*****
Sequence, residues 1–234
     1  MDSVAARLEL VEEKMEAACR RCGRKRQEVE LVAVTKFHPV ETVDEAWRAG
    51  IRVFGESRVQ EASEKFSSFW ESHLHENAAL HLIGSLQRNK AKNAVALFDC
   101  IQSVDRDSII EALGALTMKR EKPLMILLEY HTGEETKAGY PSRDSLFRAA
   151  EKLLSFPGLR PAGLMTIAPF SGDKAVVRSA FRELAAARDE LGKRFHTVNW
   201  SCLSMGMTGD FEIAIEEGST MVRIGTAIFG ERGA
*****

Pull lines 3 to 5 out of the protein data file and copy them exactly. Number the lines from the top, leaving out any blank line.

    51  IRVFGESRVQ EASEKFSSFW ESHLHENAAL HLIGSLQRNK AKNAVALFDC
   101  IQSVDRDSII EALGALTMKR EKPLMILLEY HTGEETKAGY PSRDSLFRAA
   151  EKLLSFPGLR PAGLMTIAPF SGDKAVVRSA FRELAAARDE LGKRFHTVNW